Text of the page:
To understand how an exchange functions we need only look as far as a traditional stock exchange. Most all the features of a cryptocurrency exchange are analogous to features of trading on a traditional stock exchange. In the simplest terms, the exchanges fulfil their role as the main marketplace for crypto assets of all kinds by catering to buyers or sellers. These are some definitions for the basic functions and features to know: Market Orders: Orders that are executed instantly at the current market price. Limit Order: This is an order that will only be executed if and when the price has risen to or dropped to that price specified by the trader and is also within the specified period of time. Transaction fees: Exchanges will charge transactions fees, usually levied on both the buyer and the seller, but sometimes only the seller is charged a fee. Fees vary on different exchanges though the norm is usually below 0.75%. Transfer charges: The exchange is in effect acting as a sort of escrow agent, to ensure there is no foul play, so it might also charge a small fee when you want to withdraw cryptocurrency to your own wallet. Regulatory Environment and Evolution Cryptocurrency has come a long way since the closing down of the Silk Road darknet market. The idea of crypto currency being primarily for criminals, has largely been seen as totally inaccurate and outdated. In this section we focus on the developing regulations surrounding the cryptocurrency asset class by region, and we also look at what the future may hold. The United States of America A coherent uniform approach at Federal or State level has yet to be implemented in the United States. The Financial Crimes Enforcement Network published guidelines as early as 2013 suggesting that BTC and other cryptos may fall under the label of “money transmitters” and thus would be required to take part in the same Anti-money Laundering (AML) and Know your Client (KYC) procedures as other money service businesses. At the state level, Texas applies its existing finance laws. And New York has instituted an entirely new licensing system. The European Union The EU’s approach to cryptocurrency has generally been far more accommodating overall than the United States, partly due to the adaptable nature of pre-existing laws governing electronic money that predated the creation of Bitcoin. As with the USA, the EU’s main fear is money laundering and criminality. The European Central Bank (ECB) categorized BTC as a “convertible decentralized currency” and advised all central banks in the EU to refrain from trading any cryptocurrencies until the proper regulatory framework was put in place. A task force was then set up by the European Parliament in order to prevent and investigate any potential money laundering that was making use of the new technology. Likely future regulations for cryptocurrency traders within the European Union and North America will probably consist of the following proposals: The initiation of full KYC procedures so that users cannot remain fully anonymous, in order to prevent tax evasion and curtail money laundering. Caps on payments that can be made in cryptocurrency, similar to caps on traditional cash transactions. A set of rules governing tax obligations regarding cryptocurrencies Regulation by the ECB of any companies that offer exchanges between cryptocurrencies and fiat currencies It is less likely for other countries to follow the Chinese approach and completely ban certain aspects of cryptocurrency trading. It is widely considered more progressive and wiser to allow the technology to grow within a balanced accommodative regulatory framework that takes all interests and factors into consideration. It is probable that the most severe form of regulation will be the formation of new governmental bodies specifically to form laws and exercise regulatory control over the cryptocurrency space. But perhaps that is easier said than done. It may, in certain cases, be incredibly difficult to implement particular regulations due to the anonymous and decentralized nature of crypto. Behavior of Cryptocurrency Investors by Demographic Due to the fact that cryptocurrency has its roots firmly planted in the cryptography community, the vast majority of early adopters are representative of that group. In this section we cover the basic structure of the cryptocurrency market cycle and the makeup of the community at large, as well as the reasons behind different trading decisions. The Cryptocurrency Market Cycle Bitcoin leads the bull rally. FOMO (Fear of missing out) occurs, the price surge is a constant topic of mainstream news, business programs cover the story, and social media is abuzz with cryptocurrency chatter. Bitcoin reaches new All Timehigh (ATH) Market euphoria is fueled with even more hype and the cycle is in full force. There is a constant stream of news articles and commentary on the meteoric, seemingly unstoppable rise of Bitcoin. Bitcoin’s price “stabilizes”, In the 2017 bull run this was at or around $14,000. A number of solid, large market cap altcoins rise along with Bitcoin; ETH & LTC leading the altcoins at this time. FOMO comes into play, as the new ATH in market cap is reached by pumping of a huge number of alt coins. Top altcoins “somewhat” stabilize, after reaching new all-time highs. The frenzy continues with crypto success stories, notable figures and famous people in the news. A majority of lesser known cryptocurrencies follow along on the upward momentum. Newcomers are drawn deeper into crypto and sign up for exchanges other than the main entry points like Coinbase and Kraken. In 2017 this saw Binance inundated with new registrations. Some of the cheapest coins are subject to massive pumping, such as Tron TRX which saw a rise in market cap from $150 million at the start of December 2017 to a peak of $16 billion! At this stage, even dead coins or known scams will get pumped. The price of the majority of cryptocurrencies stabilize, and some begin to retract. When the hype is subsiding after a huge crypto bull run, it is a massive sell signal. Traditional investors will begin to give interviews about how people need to be careful putting money into such a highly volatile asset class. Massive violent correction begins and the market starts to collapse. BTC begins to fall consistently on a daily basis, wiping out the insane gains of many medium to small cap cryptos with it. Panic selling sweeps through the market. Depression sets in, both in the markets, and in the minds of individual investors who failed to take profits, or heed the signs of imminent collapse. The price stagnation can last for months, or even years. The Influence of Age upon Trading Did you know? Cryptocurrencies have been called “stocks for millennials” According to a survey conducted by the Global Blockchain Business Council, only 5% of the American public own any bitcoin, but of those that do, an overwhelming majority of 71% are men, 58% of them are between the ages of 18 and 35, and over half of them are minorities. The same survey gauged public attitude toward the high risk/high return nature of cryptocurrency, in comparison to more secure guaranteed small percentage gains offered by government bonds or stocks, and found that 30% would rather invest $1,000 in crypto. Over 42% of millennials were aware of cryptocurrencies as opposed to only 15% of those ages 65 and over. In George M. Korniotis and Alok Kumar’s study into the effects of aging on portfolio management and the quality of decisions made by older investors, they found “that older and experienced investors are more likely to follow “rules of thumb” that reflect greater investment knowledge. However, older investors are less effective in applying their investment knowledge and exhibit worse investment skill, especially if they are less educated and earn lower income.” Geographic Influence upon Trading One of the main drivers of the apparent seasonal ebb and flow of cryptocurrency prices is the tax situation in the various territories that have the highest concentrations of cryptocurrency holders. Every year we see an overall market pull back beginning in mid to late January, with a recovery beginning usually after April. This is because “Tax Season” is roughly the same across Europe and the United States, with the deadline for Income tax returns being April 15th in the United States, and the tax year officially ending the UK on the 6th of April. All capital gains must be declared before the window closes or an American trader will face the powerful and long arm of the IRS with the consequent legal proceedings and possible jail time. Capital gains taxes around the world vary from jurisdiction to jurisdiction but there are often incentives for cryptocurrency holders to refrain from trading for over a year to qualify their profits as long term gain when they finally sell. In the US and Australia, for example, capital gains are reduced if you bought cryptocurrency for investment purposes and held it for over a year. In Germany if crypto assets are held for over a year then the gains derived from their sale are not taxed. Advantages like this apply to individual tax returns, on a case by case basis, and it is up to the investor to keep up to date with the tax codes of the territory in which they reside. 2013 Bull run vs 2017 Bull run price Analysis In late 2016 cryptocurrency traders were faced with the task of distinguishing between the beginnings of a genuine bull run and what might colorfully be called a “dead cat bounce” (in traditional market terminology). Stagnation had gripped the market since the pull-back of early 2014. The meteoric rise of Bitcoin’s price in 2013 peaked with a price of $1,100 in November 2013, after a year of fantastic news on the adoption front with both Microsoft and PayPal offering BTC payment options. It is easy to look at a line going up on a chart and speak after the fact, but at the time, it is exceeding difficult to say whether the cat is actually climbing up the wall, or just bouncing off the ground. Here, we will discuss the factors that gave savvy investors clues as to why the 2017 bull run was going to outstrip the 2013 rally. Hopefully this will help give insight into how to differentiate between the signs of a small price increase and the start of a full scale bull run. Most importantly, Volume was far higher in 2017. As we can see in the graphic below, the 2017 volume far exceeds the volume of BTC trading during the 2013 price increase. The stranglehold MtGox held on trading made a huge bull run very difficult and unlikely. Fraud & Immoral Activity in the Private Market Ponzi Schemes Cryptocurrency Ponzi schemes will be covered in greater detail in Lesson 7, but we need to get a quick overview of the main features of Ponzi schemes and how to spot them at this point in our discussion. Here are some key indicators of a Ponzi scheme, both in cryptocurrencies and traditional investments: A guaranteed promise of high returns with little risk. Consistentflow of returns regardless of market conditions. Investments that have not been registered with the Securities and Exchange Commission (SEC). Investment strategies that are a secret, or described as too complex. Clients not allowed to view official paperwork for their investment. Clients have difficulties trying to get their money back. The initial members of the scheme, most likely unbeknownst to the later investors, are paid their “dividends” or “profits” with new investor cash. The most famous modern-day example of a Ponzi scheme in the traditional world, is Bernie Madoff’s $100 billion fraudulent enterprise, officially titled Bernard L. Madoff Investment Securities LLC. And in the crypto world, BitConnect is the most infamous case of an entirely fraudulent project which boasted a market cap of $2 billion at its peak. What are the Exchange Hacks? The history of cryptocurrency is littered with examples of hacked exchanges, some of them so severe that the operation had to be wound up forever. As we have already discussed, incredibly tech savvy and intelligent computer hackers led by Alexander Vinnik stole 850000 BTC from the MtGox exchange over a period from 2012–2014 resulting in the collapse of the exchange and a near-crippling hammer blow to the emerging asset class that is still being felt to this day. The BitGrail exchange suffered a similar style of attack in late 2017 and early 2018, in which Nano (XRB) was stolen that was at one point was worth almost $195 million. Even Bitfinex, one of the most famous and prestigious exchanges, has suffered a hack in 2016 where $72 million worth of BTC was stolen directly from customer accounts. Hardware Wallet Scam Case Study In late 2017, an unfortunate character on Reddit, going by the name of “moody rocket” relayed his story of an intricate scam in which his newly acquired hardware wallet was compromised, and his $34,000 life savings were stolen. He bought a second hand Nano ledger into which the scammers own recover seed had already been inserted. He began using the ledger without knowing that the default seed being used was not a randomly assigned seed. After a few weeks the scammer struck, and withdrew all the poor HODLer’s XRP, Dash and Litecoin into their own wallet (likely through a few intermediary wallets to lessen the very slim chances of being identified). Hardware Wallet Scam Case Study Social Media Fraud Many gullible and hapless twitter users have fallen victim to the recent phenomenon of scammers using a combination of convincing fake celebrity twitter profiles and numerous amounts of bots to swindle them of ETH or BTC. The scammers would set up a profile with a near identical handle to a famous figure in the tech sphere, such as Vitalik Buterin or Elon Musk. And then in the tweet, immediately following a genuine message, follow up with a variation of “Bonus give away for the next 100 lucky people, send me 0.1 ETH and I will send you 1 ETH back”, followed by the scammers ether wallet address. The next 20 or so responses will be so-called sockpuppet bots, thanking the fake account for their generosity. Thus, the pot is baited and the scammers can expect to receive potentially hundreds of donations of 0.1 Ether into their wallet. Many twitter users with a large follower base such as Vitalik Buterin have taken to adding “Not giving away ETH” to their username to save careless users from being scammed. Market Manipulation It also must be recognized that market manipulation is taking place in cryptocurrency. For those with the financial means i.e. whales, there are many ways in which to control the market in a totally immoral and underhanded way for your own profit. It is especially easy to manipulate cryptos that have a very low trading volume. The manipulator places large buy orders or sell walls to discourage price action in one way or the other. Insider trading is also a significant problem in cryptocurrency, as we saw with the example of blatant insider trading when Bitcoin Cash was listed on Coinbase. Examples of ICO Fraudulent Company Behavior In the past 2 years an astronomical amount of money has been lost in fraudulent Initial Coin Offerings. The utmost care and attention must be employed before you invest. We will cover this area in greater detail with a whole lesson devoted to the topic. However, at this point, it is useful to look at the main instances of ICO fraud. Among recent instances of fraudulent ICOs resulting in exit scams, 2 of the most infamous are the Benebit and PlexCoin ICOs which raised $4 million for the former and $15 million for the latter. Perhaps the most brazen and damaging ICO scam of all time was the Vietnamese Pincoin ICO operation, where $660million was raised from 32,000 investors before the scammer disappeared with the funds. In case of smaller ICO “exit scamming” there is usually zero chance of the scammers being found. Investors must just take the hit. We will cover these as well as others in Lesson 7 “Scam Projects”. Signposts of Fraudulent Actors The following factors are considered red flags when investigating a certain project or ICO, and all of them should be considered when deciding whether or not you want to invest. Whitepaper is a buzzword Salad: If the whitepaper is nothing more than a collection of buzzwords with little clarity of purpose and not much discussion of the tech involved, it is overwhelmingly likely you are reading a scam whitepaper. Signposts of Fraudulent Actors §2 No Code Repository: With the vast majority of cryptocurrency projects employing open source code, your due diligence investigation should start at GitHub or Sourceforge. If the project has no entries, or nothing but cloned code, you should avoid it at all costs. Anonymous Team: If the team members are hard to find, or if you see they are exaggerating or lying about their experience, you should steer clear. And do not forget, in addition to taking proper precautions when investing in ICOs, you must always make sure that you are visiting authentic web pages, especially for web wallets. If, for example, you are on a spoof MyEtherWallet web page you could divulge your private key without realizing it and have your entire portfolio of Ether and ERC-20 tokens cleaned out. Methods to Avoid falling Victim Avoiding scammers and the traps they set for you is all about asking yourself the right questions, starting with: Is there a need for a Blockchain solution for the particular problem that a particular ICO is attempting to solve? The existing solution may be less costly, less time consuming, and more effective than the proposals of a team attempting to fill up their soft cap in an ICO. The following quote from Mihai Ivascu, the CEO of Modex, should be kept in mind every time you are grading an ICO’s chances of success: “I’m pretty sure that 95% of ICOswill not last, and many will go bankrupt. ….. not everything needs to be decentralized and put on an open source ledger.” Methods to Avoid falling Victim §2 Do I Trust These People with My Money, or Not? If you continue to feel uneasy about investing in the project, more due diligence is needed. The developers must be qualified and competent enough to complete the objectives that they have set out in the whitepaper. Is this too good to be true? All victims of the well-known social media scams using fake profiles of Vitalik Buterin, or Bitconnect investors for that matter, should have asked themselves this simple question, and their investment would have been saved. In the case of Bitconnect, huge guaranteed gains proportional to the amount of people you can get to sign up was a blatant pyramid scheme, obviously too good to be true. The same goes for Fake Vitalik’s offer of 1 ether in exchange for 0.1 ETH. Selling Cryptocurrencies, Several reasons for selling with the appropriate actions to take: If you are selling to buy into an ICO, or maybe believe Ether is a safer currency to hold for a certain period of time, it is likely you will want to make use of the Ether pair and receive Ether in return. Obviously if the ICO is on the NEO or WANchain blockchain for example, you will use the appropriate pair. -Trading to buy into another promising project that is listing on the exchange on which you are selling (or you think the exchange will experience a large amount of volume and become a larger exchange), you may want to trade your cryptocurrency for that exchange token. -If you believe that BTC stands a good chance of experiencing a bull run then using the BTC trading pair is the suitable choice. -If you believe that the market is about to experience a correction but you do not want to take your gains out of the market yet, selling for Tether or “tethering up” is the best play. This allows you to keep your locked-in profits on the exchange, unaffected by the price movements in the cryptocurrency markets,so that you can buy back in at the most profitable moment. -If you wish to “cash out” i.e. sell your cryptocurrency for fiat currency and have those funds in your bank account, the best pair to use is ETH or BTC because you will likely have to transfer to an exchange like Kraken or Coinbase to convert them into fiat. If the exchange offers Litecoin or Bitcoin Cash pairs it could be a good idea to use these for their fast transaction time and low fees. Selling Cryptocurrencies Knowing when and how to sell, as well as strategies to inflate the value of your trade before sale, are important skills as a trader of any product or financial instrument. If you are satisfied that the sale itself of the particular amount of a token or coin you are trading away is the right one, then you must decide at what price you are going to sell. Exchanges exercise their own discretion as to which trading “pairs” they will offer, but the most common ones are BTC, ETH, BNB for Binance, BIX for Bibox etc., and sometimes Tether (USDT) or NEO. As a trader, you decide which particular cryptocurrency to exchange depending on your reason for making that specific trade at that time. Methods of Sale Market sell/Limit sell on exchange: A limit sell is an order placed on an exchange to sell as soon as (also specifically only if and when) the price you specified has been hit within the time limit you select. A market order executes the sale immediately at the best possible price offered by the market at that exact time. OTC (or Over the Counter) selling refers to sale of securities or cryptocurrencies in any method without using an exchange to intermediate the trade and set the price. The most common way of conducting sales in this manner is through LocalBitcoins.com. This method of cryptocurrency selling is far riskier than using an exchange, for obvious reasons. The influence and value of your Trade There are a number of strategies you can use to appreciate the value of your trade and thus increase the Bitcoin or Ether value of your portfolio. It is important to disassociate yourself from the dollar value of your portfolio early on in your cryptocurrency trading career simply because the crypto market is so volatile you will end up pulling your hair out in frustration following the real dollar money value of your holdings. Once your funds have been converted into BTC and ETH they are completely in the crypto sphere. (Some crypto investors find it more appropriate to monitor the value of their portfolio in satoshi or gwei.) Certainly not limited to, but especially good for beginners, the most reliable way to increase your trading profits, and thus the overall value and health of your portfolio, is to buy into promising projects, hold them for 6 months to a year, and then reevaluate. This is called Long term holding and is the tactic that served Bitcoin HODLers quite well, from 2013 to the present day. Obviously, if something comes to light about the project that indicates a lengthy set back is likely, it is often better to cut your losses and sell. You are better off starting over and researching other projects. Also, you should set initial Price Points at which you first take out your original investment, and then later, at which you take out all your profits and exit the project. That should be after you believe the potential for growth has been exhausted for that particular project. Another method of increasing the value of your trades is ICO flipping. This is the exact opposite of long term holding. This is a technique in which you aim for fast profits taking advantage of initial enthusiasm in the market that may double or triple the value of ICO projects when they first come to market. This method requires some experience using smaller exchanges like IDEX, on which project tokens can be bought and sold before listing on mainstream exchanges. “Tethering up” means to exchange tokens or coins for the USDT stable coin, the value of which is tethered to the US Dollar. If you learn, or know how to use, technical analysis, it is possible to predict when a market retreatment is likely by looking at the price movements of BTC. If you decide a market pull back is likely, you can tether up and maintain the dollar value of your portfolio in tether while other tokens and coins decrease in value. The you wait for an opportune moment to reenter the market. Market Behavior in Different Time Periods The main descriptors used for overall market sentiment are “Bull Market” and “Bear Market”. The former describes a market where people are buying on optimism. The latter describes a market where people are selling on pessimism. Fun (or maybe not) fact: The California grizzly bear was brought to extinction by the love of bear baiting as a sport in the mid 1800s. Bears were highly sought after for their intrinsic fighting qualities, and were forced into fighting bulls as Sunday morning entertainment for Californians. What has this got to do with trading and financial markets? The downward swipe of the bear’s paws gives a “Bear market” its name and the upward thrust of a Bull’s horns give the “Bull Market” its name. Most unfortunately for traders, the bear won over 80% of the bouts. During a Bull market, optimism can sometimes grow to be seemingly boundless, volume is rising, and prices are ascending. It can be a good idea to sell or rebalance your portfolio at such a time, especially if you have a particularly large position in one holding or another. This is especially applicable if you need to sell a large amount of a relatively low-volume holding, because you can then do so without dragging the price down by the large size of your own sell order. Learn more on common behavioral patterns observed so far in the cryptocurrency space for different coins and ICO tokens. Follow the link: UBAI.co If you want to know how do security tokens work, and become a professional in crypto world contact me via Facebook to get all the details: Facebook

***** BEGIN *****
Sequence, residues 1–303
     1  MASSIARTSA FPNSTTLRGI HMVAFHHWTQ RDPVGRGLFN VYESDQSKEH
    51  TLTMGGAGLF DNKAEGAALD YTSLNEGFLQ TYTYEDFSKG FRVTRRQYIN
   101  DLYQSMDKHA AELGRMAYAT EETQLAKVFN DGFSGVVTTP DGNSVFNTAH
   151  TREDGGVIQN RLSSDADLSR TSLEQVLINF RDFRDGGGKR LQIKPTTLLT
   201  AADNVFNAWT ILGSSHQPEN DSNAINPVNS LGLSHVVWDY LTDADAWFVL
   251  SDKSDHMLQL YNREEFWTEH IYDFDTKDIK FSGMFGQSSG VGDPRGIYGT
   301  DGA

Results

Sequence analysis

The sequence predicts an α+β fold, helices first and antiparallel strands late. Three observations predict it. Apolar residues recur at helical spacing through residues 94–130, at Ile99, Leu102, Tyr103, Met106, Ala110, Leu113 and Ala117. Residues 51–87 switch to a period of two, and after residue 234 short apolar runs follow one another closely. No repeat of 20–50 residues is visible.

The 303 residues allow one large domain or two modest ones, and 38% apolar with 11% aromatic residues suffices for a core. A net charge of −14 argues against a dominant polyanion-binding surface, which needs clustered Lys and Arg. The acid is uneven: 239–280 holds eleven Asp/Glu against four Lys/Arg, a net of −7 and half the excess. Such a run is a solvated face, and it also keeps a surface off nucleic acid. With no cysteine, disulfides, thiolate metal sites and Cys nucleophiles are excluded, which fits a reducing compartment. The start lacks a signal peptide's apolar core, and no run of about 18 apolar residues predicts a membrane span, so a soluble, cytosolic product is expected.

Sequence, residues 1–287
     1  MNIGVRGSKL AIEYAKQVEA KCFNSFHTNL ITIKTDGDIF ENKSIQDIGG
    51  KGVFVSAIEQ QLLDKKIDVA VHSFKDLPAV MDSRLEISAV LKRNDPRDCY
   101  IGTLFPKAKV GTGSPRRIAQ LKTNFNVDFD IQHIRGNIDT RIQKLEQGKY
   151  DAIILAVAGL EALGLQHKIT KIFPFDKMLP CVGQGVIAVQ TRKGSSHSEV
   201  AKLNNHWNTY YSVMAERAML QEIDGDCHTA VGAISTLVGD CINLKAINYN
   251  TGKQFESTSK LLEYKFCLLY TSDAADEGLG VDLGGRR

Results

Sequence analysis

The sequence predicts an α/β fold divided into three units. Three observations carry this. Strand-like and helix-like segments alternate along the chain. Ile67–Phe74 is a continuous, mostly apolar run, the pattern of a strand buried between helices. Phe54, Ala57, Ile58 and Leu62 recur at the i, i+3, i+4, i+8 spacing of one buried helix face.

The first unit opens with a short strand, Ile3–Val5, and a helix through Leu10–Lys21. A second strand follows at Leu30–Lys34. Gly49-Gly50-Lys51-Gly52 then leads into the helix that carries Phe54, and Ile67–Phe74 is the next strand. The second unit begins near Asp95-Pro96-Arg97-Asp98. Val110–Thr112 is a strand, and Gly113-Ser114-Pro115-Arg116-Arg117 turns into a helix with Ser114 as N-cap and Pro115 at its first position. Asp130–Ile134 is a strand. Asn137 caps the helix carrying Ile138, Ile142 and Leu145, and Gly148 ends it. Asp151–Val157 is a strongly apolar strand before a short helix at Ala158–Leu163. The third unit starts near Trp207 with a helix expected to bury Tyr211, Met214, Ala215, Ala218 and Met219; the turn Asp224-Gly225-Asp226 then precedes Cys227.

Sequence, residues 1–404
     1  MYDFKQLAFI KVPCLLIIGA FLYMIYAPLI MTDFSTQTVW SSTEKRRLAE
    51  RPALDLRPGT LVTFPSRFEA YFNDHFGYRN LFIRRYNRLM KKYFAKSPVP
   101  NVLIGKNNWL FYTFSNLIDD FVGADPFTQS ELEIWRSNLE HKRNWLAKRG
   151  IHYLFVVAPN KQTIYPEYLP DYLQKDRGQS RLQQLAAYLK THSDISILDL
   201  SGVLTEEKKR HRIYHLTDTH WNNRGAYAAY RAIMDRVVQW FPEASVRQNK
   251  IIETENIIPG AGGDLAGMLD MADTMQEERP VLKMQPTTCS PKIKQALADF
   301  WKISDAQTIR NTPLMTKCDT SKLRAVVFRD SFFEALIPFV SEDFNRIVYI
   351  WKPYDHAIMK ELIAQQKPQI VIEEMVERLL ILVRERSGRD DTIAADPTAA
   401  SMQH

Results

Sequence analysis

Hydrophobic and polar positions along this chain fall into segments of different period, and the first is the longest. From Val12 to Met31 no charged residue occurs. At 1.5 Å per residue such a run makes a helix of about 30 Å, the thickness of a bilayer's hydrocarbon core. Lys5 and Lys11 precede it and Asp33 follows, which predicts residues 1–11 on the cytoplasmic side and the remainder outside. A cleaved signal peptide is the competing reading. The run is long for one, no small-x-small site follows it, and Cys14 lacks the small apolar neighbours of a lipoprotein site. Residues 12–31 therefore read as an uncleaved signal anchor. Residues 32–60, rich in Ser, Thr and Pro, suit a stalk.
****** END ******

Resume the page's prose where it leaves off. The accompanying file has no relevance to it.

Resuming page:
Q: 1) Hello, what's a better strategy for bitcoin holders if it hard forks at 75%? Is it worth holding of the coins in the minority chain? Or better selling them? Will the value of coins in the majority chain be weakened or reinforced? Thank you A: 1) BIP109 does not hard fork at 75%, it hard forks 28 days after 75% has been reached-- so when the hard fork happens, there should be almost zero hash power on the minority chain. So there will not be a minority chain. If I am wrong and blocks are created on the minority chain, people plan to get enough hash power to replace those blocks with empty blocks, so it is impossible to make any transactions on the minority chain. Q: 2) if Bitcoin split into two chains, will it cause panic in the market, then the overall market capitalization fell? A: 2) Bitcoin split into two chains accidentally in March of 2013, and there was panic selling -- the price dropped from $48 to $37 within a few hours. But the mining pools very quickly agreed on which branch of the chain they would support, the problem was resolved within a day, and a week later the price was over $60. That shows the strength of consensus and incentives-- the mining pools did what was best for Bitcoin because that is what is best for themselves in the long term. Q: 3) Now it requres 60-70G space for a full node wallet, also it takes severals days for synchronization. Technically, Is it possible in the future that a full node wallet only cost a little space and can be quickly synchronized? (Do not use light wallets and other third party wallets) A: 3) You can run a pruned node that does not store the full block chain today (I’m running six right now on inexpensive servers around the world to test some new code). It is technically possible to get fast synchronization without giving up any trust, but it would require miners do more work (they would have to compute and store and validate an “unspent transaction output committment hash” in the block chain). There are also schemes that would give you fast synchronization at a lightweight-wallet level of trust, but worked towards no trust if you were connected to the network for long enough. Some developers say that you are not really using Bitcoin unless you run a full node, but that is wrong. Bitcoin was designed so that you can make the choice of speed and convenience versus trust. You give up very, very little trust if you run a lightweight wallet that supports multisignature transactions, and I think that is what most people should be running. Q: 4) What do you think about Ethereum? Can Bitcoin achieve all the same functions claimed by Ethernet? Thank you A: 4) I think most of the interesting things you can do with Ethereum you can also do with multi-signature Bitcoin transactions. I haven’t seen a really great use of Ethereum yet, and I think there will be a big problem with Ethereum smart contracts that are designed to steal people’s money, because very few people will have the skill necessary to tell if a complicated smart contract is correct. I’m watching the rootstock.io project, which brings Ethereum contracts to Bitcoin. Q: 5) Is it possible that Nakamoto may still participate in the development of Bitcoin by a pseudonym? What is the last time he contact you? Will he be back? A: 5) Yes, it is possible. I tell reporters who ask me about Satoshi: The idea of Bitcoin is important; who invented it is an interesting mystery, but I think it should remain a mystery until whoever invented it decides to step forward. We should respect Satoshi's privacy. Q: 6) Now some government can prevent people from accessing foreign information using technical method(like the Great Firewall), people need to get across the wall first if they want to know information abroad. So technically speaking, is it possible that the government could block and damage the usage of bitcoin? If it is, is there any method to get across the wall? A: 6) If a government controls network access into and out of their country (like the Great Firewall), they could easily block connections to and from today’s Bitcoin peer-to-peer network. Connections are not encrypted in any way, and most connect to port 8333, which would be easy to block. However, blocking connections inside the country would be much harder. And it only takes one encrypted or satellite or microwave or laser connection that bypasses the firewall to get around the blockage and get blocks and transactions flowing across the border again. I think governments that decide they don’t like Bitcoin are more likely to pass laws that make it a crime to use a currency other than the official government currency to pay for things. Q: 7) You insist on hard fork at 75%, while Chinse Mining Pools insist at 90%. So it may be easier to get support from China If Classic changes to 90%. Have you ever considered to communicate with Chinese mine pool( such as convening a meeting) to reduce differences? A: 7) Yes, I was in Beijing a few weeks ago to better understand what some of the Chinese mining pools are thinking. It was a productive meeting, and I look forward to communicating more with them soon. Q: 8) How will halving and block size increasing impact the bitcoin price in your opnion? Thanks. A: 8) The price, today, is a reflection of confidence. If people think Bitcoin will be valuable in the future, they are willing to buy it and hold it. Everybody knows the halving will happen, so, theoretically, that should not affect today’s price. I believe that increasing the block size limit would be very good for the price, because Bitcoin is more valuable the more people who are able to use it. Q: 9) Technically, bitcoin should also have drawbacks. Some disadvantages may be improved in the future , while some may be difficult to improve. What are those shortcomings for bitcoin to hard to improve in your opinon? Are you an optimist thinking that all technical shortcomings are temporary, and they will all likely to be improved in the future? A: 9) Every successful technology is full of shortcomings. It is always easier to look backwards and see your mistakes. Smart engineers are very good at working around those shortcomings, and wise engineering managers know when to work around a shortcoming to remain compatible with the existing technology and when it makes sense to break compatibility because eliminating a shortcoming would have large benefits. Q: 10) If there is a kind of altcoin in the future goes beyond Bitcoin, it must has the advantage Bitcoin can not have, right? Conversely, if Bitcoin itself evolves fast, improves and adds new features, it will be difficult to be surpassed and eliminated, right? What does Bitcoin scalability and evolution capability look like? A: 10) People are funny -- I can imagine an altcoin that has no technology advantages over Bitcoin, but some people prefer it for some reason. I live in a town where a lot of people care a lot about the environment, and I could imagine them deciding to use a “GreenCoin” where all miners must be inspected regularly and must use only solar power. I think many engineers tend to over-estimate the importance of new features, and under-estimate the importance of reliability, convenience and reputation. Satoshi designed Bitcoin to be very scalable, and to be able to evolve. I think the best way for any technology to scale and evolve is competition -- make the technology open, and let companies or teams compete to build the most reliable, convienent and secure products. That looks like (and is!) a very messy, chaotic process, but it produces better results, faster, than a single person or team deciding on on approach to solving every problem. Q: 11) If R3 succeeds, will it challenge bitcoin in transnational remittances? A: 11) Maybe -- if banks involved in R3 could make it very convenient to get money into and out of their blockchain. They might not be able to do that because of regulations, though. But I don’t know much about the international remittance market and what regulations the banks will have to deal with. Q: 12) Can blockchain only be secured by mining? Some private blockchain do not have mining property, are they really blockchain? A: 12) Security is not “yes it is secure” or “no it is not secure.” Proof of work (mining) is the most secure way we know of to secure a blockchain, but there are less secure methods that can work if less security is OK. And less security is OK for some private blockchains because if somebody cheats, they can be taken to court and money can be recovered. Q: 13) Will public chain, private chain and R3 chain coexist for a long time? Or only one chain survive finally? What is the relationship among Bitcoin block chain, private chains and R3 chain , complementary or competitive? Will Bitcoin block chain eventually win? A: 13) My guess is all of the “blockchain for everything” excitement will die down in a year or two and a lot of people will be disappointed. Then a few years later there will be blockchains for everything, running quietly inside stock markets and currency exchanges and lots of other places. Some of them will use the Bitcoin blockchain, some of them won’t, and nobody besides blockchain engineers will care much. Throughout it all, I think it is most likely Bitcoin continues to grow, hopefully with less drama as it gets bigger and more mature. Q: 14) Some people think that it is difficult for the outside world to understand the technical details if lightning network is controlled by blockstream or another company, resulting in technological centralization, what’s your opinion? A: 14) I don’t worry about that, the lightning protocol is being designed in the open as an open standard. It is complicated, but not so complicated only one person or company can understand it. Q: 15) What is the procedure Bitcoin Core modify the rules? Take the 2M hard fork proposal as an example, I saw there are concerns that if one of the five core developers who have write access reject the proposal will be rejected. So If happens, does that mean the launch hard ford in July will be abandoned? What is percentage of agreement in Core developers to write code for such a major bifurcation matter like 2M hard fork? Are there any specific standards? Or the lead developer has the final decision? A: 15) That is a good question for the current active Core developers. When I was the lead developer, I would make a final decision if a decision needed to be made.